A study published in the Current Developments in Nutrition Journal describes that a low dietary carbohydrate/fat ratio is good for cognitive health in older adults at risk for dementia.
Study: The Dietary Carbohydrate/Fat-Ratio and Cognitive Performance: Panel Analyses in Older Adults at Risk for Dementia. Image Credit: SewCreamStudio/Shutterstock.com
The impact of dietary components on cognitive health has been studied widely. Typically, digestible proteins in human diets provide 10 – 20% of total energy intake, whereas digestible carbohydrates and fats give approximately 80% of total energy intake.
Dietary fibers, which are not absorbed into the bloodstream through the intestinal wall, can be converted into short-chain fatty acids by gut microbes. These fibers provide only 2% of total energy intake.
Dietary carbohydrates, proteins, fats, and fibers are humans' major energy sources. These energy categories can be divided into several subcategories, including short-chain fatty acids, monounsaturated fatty acids, polyunsaturated fatty acids, sugars, starch, and specific amino acids.
Despite the well-documented association between diet and cognitive health, evidence of the effect of each macronutrient on cognitive health is limited.
In the current study, scientists investigated whether carbohydrate and fat consumption can influence global cognition in elderly people with an increased risk for dementia.
The Finnish Geriatric Intervention Study to Prevent Cognitive Impairment and Disability (FINGER) is an ongoing multicenter randomized controlled trial involving older adults without considerable cognitive impairment.
The data obtained from the trial participants with increased dementia risk was analyzed in this study.
3-day food records determined self-reported diet. Neuropsychological tests for memory, executive function, and processing speed were used to measure global cognition (primary outcome).
The ratio of carbohydrate to fat was used as the primary predictor variable and was compared with carbohydrate and fat intake separately. Secondary predictor variables were proteins and the saturated fat/total fat ratio.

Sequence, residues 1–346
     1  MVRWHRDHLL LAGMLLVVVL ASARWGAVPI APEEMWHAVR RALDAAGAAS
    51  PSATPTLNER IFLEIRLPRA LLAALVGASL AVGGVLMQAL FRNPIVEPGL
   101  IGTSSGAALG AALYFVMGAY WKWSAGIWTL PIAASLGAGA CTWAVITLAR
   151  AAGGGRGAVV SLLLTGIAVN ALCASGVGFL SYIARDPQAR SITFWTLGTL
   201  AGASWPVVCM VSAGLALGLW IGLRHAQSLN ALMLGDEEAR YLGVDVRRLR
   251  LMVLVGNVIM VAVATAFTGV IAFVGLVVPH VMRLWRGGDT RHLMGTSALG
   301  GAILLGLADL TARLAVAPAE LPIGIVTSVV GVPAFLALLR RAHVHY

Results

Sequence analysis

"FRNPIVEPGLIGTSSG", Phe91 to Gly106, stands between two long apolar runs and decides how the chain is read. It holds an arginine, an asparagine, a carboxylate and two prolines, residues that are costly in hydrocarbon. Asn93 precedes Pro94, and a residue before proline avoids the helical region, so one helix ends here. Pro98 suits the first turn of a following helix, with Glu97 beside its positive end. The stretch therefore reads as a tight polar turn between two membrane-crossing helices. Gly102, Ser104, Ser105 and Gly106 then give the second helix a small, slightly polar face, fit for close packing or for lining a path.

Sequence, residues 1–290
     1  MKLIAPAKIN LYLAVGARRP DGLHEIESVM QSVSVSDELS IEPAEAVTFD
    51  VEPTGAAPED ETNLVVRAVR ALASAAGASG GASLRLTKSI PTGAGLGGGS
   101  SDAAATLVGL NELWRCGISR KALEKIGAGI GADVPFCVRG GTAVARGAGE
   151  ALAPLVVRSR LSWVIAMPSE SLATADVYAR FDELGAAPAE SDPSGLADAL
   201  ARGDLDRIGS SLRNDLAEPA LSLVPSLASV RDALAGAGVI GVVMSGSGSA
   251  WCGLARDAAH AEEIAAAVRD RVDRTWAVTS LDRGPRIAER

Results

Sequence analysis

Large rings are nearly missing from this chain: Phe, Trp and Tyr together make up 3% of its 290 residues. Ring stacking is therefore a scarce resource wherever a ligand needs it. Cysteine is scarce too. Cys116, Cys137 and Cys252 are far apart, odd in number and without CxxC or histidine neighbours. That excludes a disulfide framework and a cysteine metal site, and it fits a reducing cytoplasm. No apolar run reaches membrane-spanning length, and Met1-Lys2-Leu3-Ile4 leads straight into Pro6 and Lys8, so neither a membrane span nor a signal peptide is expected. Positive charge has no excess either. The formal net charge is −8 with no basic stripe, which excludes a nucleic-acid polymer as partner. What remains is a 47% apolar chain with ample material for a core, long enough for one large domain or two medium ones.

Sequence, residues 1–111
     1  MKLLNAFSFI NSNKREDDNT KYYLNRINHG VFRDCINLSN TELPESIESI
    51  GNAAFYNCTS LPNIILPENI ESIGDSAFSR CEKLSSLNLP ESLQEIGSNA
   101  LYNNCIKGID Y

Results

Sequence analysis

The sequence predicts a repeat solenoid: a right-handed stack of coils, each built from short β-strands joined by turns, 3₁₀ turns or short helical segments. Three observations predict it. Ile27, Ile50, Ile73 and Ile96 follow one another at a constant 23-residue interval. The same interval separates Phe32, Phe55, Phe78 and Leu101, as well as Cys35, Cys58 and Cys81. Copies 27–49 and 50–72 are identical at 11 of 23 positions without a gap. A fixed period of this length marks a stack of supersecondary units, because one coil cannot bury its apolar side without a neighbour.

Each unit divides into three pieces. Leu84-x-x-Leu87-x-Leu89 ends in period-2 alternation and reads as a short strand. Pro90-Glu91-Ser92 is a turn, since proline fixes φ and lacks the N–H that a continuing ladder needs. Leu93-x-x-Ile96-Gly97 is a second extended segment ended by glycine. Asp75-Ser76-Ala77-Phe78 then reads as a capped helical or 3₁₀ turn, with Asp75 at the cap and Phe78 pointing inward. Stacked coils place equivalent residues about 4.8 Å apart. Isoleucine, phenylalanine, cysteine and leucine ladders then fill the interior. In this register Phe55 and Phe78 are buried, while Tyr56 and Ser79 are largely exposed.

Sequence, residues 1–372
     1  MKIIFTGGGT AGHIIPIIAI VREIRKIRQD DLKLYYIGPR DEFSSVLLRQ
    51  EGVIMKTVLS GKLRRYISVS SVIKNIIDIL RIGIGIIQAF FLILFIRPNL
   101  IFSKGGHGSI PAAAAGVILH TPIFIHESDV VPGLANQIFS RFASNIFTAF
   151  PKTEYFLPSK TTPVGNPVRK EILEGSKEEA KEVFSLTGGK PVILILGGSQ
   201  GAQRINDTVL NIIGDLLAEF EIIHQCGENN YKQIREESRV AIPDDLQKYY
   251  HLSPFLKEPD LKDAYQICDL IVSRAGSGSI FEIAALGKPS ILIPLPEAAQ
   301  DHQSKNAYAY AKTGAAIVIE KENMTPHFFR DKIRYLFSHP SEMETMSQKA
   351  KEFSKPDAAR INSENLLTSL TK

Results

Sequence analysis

A total of 1,251 participants for whom baseline data on diet and cognition was available were included in the study.
The study analysis revealed a significant association between cognitive performance, self-reported carbohydrate, and fat consumption, and the carbohydrate/fat ratio in older adults with increased dementia risk.
While carbohydrate intake and carbohydrate/fat ratio negatively correlated with global cognition, a positive association was observed with fat intake.
These associations were more pronounced in the memory subdomain, highlighting the significance of macronutrient composition in Alzheimer's disease.
A significant correlation was observed between the carbohydrate/fat ratio and carbohydrate and fat intake. The point estimate for the carbohydrate/fat ratio fell between carbohydrate and fat. However, the carbohydrate/fat ratio was identified as the most independent predictor of global cognition.
The association between carbohydrate/fat ratio and global cognition remained stable when adjusted for several covariates, including fiber intake and proportions of fat subtypes. Total energy intake was identified as the most powerful covariate, reducing the association magnitude by 20%.
No significant association was observed between protein intake and global cognition. The saturated fat/total ratio showed a nonlinear association with global cognition.
The study population belonging to the mid-quintile (36 – 39%) showed better cognitive performance compared to those belonging to the lowest and highest quantile. A quantile refers to division of a population into five equal parts based on the distribution of values of a particular variable.
The study finds an inverse relationship between dietary carbohydrate/fat ratio and global cognition in older adults at risk for developing dementia.
As mentioned by scientists, high-quality randomized control trials are needed to investigate whether reducing carbohydrate content or increasing the fat content in the diet can improve cognitive performance.
The study's major strength is the inclusion of the macronutrient ratio, which is a more effective measure than individual macronutrient estimates for defining the overall effect of diet on metabolism and health outcomes.
Another strength of the study is the rigorous and extensive data collection and repeated measures of study variables.